China has also been accused of supporting militancy across the Indo-Burmese border for decades, most notably following an incident in November 2020, in which a large cache of weapons was seized in the Shan state by the Tatmadaw. The subsequent investigation revealed that the weapons were smuggled across China, with the intention of reaching terrorist factions operating in Myanmar. Investigations have also found that rebel leaders in Myanmar have trained on Chinese soil, met with Chinese leaders, procured arms from Chinese markets and gathered intelligence for China in India. New Delhi already has to contend with a Chinese threat along its Northern frontier and a Chinese backed Pakistani threat from the West. It is reliant on cooperation with the Myanmar army to ensure that its Eastern front avoids succumbing to the destabilising influence of China as well. China’s growing presence in Myanmar is of great concern to India and several other Asian states such as Thailand, Malaysia, Singapore and Indonesia, who fear an heightened Chinese naval presence near the Straits of Malacca and in the Indian Ocean.
India’s approach towards the coup in regard to China may not be as simple as expected. While the Tatmadaw enjoyed a relatively strong relationship with New Delhi, Beijing found a far more receptive partner in Suu Kyi according to Chinese foreign policy expert Yun Sun in her 2012 research paper, ‘China and changing Myanmar’. Even in the early 2000s, when China was the dominant foreign presence in Myanmar, the Tatmadaw was suspicious of Chinese intentions, states China and Asia analyst, JM Malik in his research paper, ‘Myanmar’s role in regional security: Pawn or pivot’ (1997). It understood that China was willing to support communist factions in the country and that it had provided covert assistance to several EAO groups as well. China had also agreed to a dam project on the Irrawaddy river with the Tatmadaw, only to back out of it in 2011.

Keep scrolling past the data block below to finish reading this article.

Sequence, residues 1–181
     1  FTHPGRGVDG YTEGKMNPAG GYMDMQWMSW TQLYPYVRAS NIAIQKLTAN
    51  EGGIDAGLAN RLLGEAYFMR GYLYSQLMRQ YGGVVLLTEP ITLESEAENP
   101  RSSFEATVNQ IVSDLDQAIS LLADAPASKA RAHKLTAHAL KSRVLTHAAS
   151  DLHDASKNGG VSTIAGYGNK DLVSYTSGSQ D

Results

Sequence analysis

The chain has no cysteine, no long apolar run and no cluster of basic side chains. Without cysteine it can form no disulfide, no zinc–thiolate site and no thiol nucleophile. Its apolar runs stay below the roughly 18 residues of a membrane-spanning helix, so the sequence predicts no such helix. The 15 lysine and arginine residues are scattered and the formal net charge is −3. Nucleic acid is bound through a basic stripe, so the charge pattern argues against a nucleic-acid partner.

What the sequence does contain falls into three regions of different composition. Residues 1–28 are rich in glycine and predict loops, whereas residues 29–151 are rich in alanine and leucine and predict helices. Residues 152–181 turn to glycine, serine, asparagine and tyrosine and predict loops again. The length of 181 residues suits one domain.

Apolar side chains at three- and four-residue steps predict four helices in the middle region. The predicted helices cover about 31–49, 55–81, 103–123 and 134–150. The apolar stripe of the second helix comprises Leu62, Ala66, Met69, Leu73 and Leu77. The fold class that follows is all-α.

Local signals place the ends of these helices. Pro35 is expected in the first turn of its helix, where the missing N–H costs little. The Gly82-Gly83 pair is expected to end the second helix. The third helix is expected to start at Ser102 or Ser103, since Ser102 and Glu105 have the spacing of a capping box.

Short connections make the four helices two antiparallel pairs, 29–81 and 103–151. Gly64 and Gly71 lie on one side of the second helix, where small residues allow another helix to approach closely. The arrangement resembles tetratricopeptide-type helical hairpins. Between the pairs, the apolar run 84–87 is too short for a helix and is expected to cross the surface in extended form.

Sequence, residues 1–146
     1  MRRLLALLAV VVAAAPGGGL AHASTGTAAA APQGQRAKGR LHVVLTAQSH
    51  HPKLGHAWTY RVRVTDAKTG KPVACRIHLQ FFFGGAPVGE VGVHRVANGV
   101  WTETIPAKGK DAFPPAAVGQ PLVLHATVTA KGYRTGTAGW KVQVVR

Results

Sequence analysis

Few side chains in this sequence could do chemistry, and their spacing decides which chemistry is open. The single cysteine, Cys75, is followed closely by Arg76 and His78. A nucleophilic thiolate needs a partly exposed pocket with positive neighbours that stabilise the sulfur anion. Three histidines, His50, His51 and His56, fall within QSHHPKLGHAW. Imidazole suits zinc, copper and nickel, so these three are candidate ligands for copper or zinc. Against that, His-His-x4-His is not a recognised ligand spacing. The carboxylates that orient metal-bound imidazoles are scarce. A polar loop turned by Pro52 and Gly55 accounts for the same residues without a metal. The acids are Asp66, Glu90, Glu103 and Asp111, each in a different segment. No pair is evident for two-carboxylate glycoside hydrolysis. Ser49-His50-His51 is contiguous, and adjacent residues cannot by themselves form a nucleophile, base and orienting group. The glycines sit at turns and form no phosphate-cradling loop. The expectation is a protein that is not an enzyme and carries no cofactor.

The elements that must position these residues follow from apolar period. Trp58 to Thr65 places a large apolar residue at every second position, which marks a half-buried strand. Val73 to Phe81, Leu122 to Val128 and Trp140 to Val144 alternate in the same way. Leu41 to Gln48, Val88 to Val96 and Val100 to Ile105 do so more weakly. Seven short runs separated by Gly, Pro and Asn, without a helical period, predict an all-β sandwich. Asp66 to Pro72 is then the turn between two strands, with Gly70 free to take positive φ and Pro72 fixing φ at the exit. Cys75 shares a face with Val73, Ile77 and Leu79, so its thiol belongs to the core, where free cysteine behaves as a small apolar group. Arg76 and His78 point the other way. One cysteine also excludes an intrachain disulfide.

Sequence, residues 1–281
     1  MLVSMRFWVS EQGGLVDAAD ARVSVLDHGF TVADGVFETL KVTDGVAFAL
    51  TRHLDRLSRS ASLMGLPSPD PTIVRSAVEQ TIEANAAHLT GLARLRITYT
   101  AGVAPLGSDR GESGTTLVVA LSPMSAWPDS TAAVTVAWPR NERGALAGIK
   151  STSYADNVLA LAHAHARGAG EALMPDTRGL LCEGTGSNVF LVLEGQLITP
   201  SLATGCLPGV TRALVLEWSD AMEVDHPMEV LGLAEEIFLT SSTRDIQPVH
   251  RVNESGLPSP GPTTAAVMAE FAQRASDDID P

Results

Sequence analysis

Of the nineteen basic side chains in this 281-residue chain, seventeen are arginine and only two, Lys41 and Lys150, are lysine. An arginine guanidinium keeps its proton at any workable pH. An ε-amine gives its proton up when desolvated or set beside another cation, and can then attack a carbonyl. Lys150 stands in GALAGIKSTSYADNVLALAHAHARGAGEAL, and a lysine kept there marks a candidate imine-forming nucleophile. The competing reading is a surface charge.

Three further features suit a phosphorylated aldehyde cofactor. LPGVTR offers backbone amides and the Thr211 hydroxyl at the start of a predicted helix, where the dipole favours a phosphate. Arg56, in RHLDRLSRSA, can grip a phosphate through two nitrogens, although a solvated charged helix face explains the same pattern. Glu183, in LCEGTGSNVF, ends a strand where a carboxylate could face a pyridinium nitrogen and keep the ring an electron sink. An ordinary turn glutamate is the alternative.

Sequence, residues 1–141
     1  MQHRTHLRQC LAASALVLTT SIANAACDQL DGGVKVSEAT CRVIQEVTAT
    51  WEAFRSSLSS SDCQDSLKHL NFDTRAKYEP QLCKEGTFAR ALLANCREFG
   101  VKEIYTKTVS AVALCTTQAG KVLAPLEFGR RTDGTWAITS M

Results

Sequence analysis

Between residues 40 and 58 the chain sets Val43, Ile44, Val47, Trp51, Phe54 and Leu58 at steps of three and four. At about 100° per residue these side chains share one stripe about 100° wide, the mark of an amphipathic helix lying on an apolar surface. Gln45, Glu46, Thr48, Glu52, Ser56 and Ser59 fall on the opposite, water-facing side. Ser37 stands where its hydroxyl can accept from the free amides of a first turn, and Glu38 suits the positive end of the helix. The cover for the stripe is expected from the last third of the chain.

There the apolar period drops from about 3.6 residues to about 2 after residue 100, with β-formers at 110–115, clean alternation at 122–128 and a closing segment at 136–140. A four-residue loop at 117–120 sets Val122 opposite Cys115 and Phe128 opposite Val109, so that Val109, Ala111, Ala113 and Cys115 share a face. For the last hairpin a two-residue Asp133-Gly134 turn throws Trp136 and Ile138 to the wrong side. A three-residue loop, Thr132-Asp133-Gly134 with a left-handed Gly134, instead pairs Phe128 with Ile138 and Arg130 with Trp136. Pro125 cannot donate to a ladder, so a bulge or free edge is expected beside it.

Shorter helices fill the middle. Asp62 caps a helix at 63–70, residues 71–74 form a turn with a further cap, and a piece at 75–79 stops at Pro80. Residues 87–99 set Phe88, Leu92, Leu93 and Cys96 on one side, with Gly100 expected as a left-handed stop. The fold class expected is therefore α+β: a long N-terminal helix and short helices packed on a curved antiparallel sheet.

Additionally, the Tatmadaw has always been suspicious of foreign powers, a sentiment that prohibited it from considering any country, even one that it was as reliant on as China, as a true partner. On the other hand, China had a strong record of engagement with the Suu Kyi government, writes Yun Sun. It supported the NLD in the aftermath of the Rohingya crisis and signed the China-Myanmar Economic Corridor agreement while Myanmar was under Suu Kyi’s rule. Observers have argued that given those circumstances, India would actually benefit from military rule in Myanmar, especially if curbing Chinese influence remains New Delhi’s main foreign policy objective. However, there is no definitive way of proving that hypothesis and for now, all that can be agreed upon, is that instability in Myanmar is detrimental to India, China and the region as a whole.
Bibhu Routray, India-Myanmar Relations: Triumph of Pragmatism, Jindal Journal of International Affairs (2011)
Kristian Stokke, Roman Vakulchuk and Indra Øverland, Myanmar: A Political Economy Analysis, Norwegian Institute of Foreign Affairs (2008)
Ambuj Thakur, India’s Northeast: Transforming a Troubled Frontier into a Gateway, Institute of Social Science (2015)
J. M. Malik, Myanmar”s Role in Regional Security: Pawn or Pivot?, A Journal of International and Strategic Affairs (1997)
Yun Sun, China and the Changing Myanmar, Journal of Current Southeast Asian Affairs (2012)
Sudha Ramachandran, Sino-Myanmar Relationship: Past Imperfect, Future Tense, Institute of South Asian Studies (2012)
Munmun Majumdar, India–Myanmar Border Fencing and India’s Act East Policy, India Quarterly: A Journal of International Affairs (2020)
📣 The Indian Express is now on Telegram. Click here to join our channel (@indianexpress) and stay updated with the latest headlines
- The Indian Express website has been rated GREEN for its credibility and trustworthiness by Newsguard, a global service that rates news sources for their journalistic standards.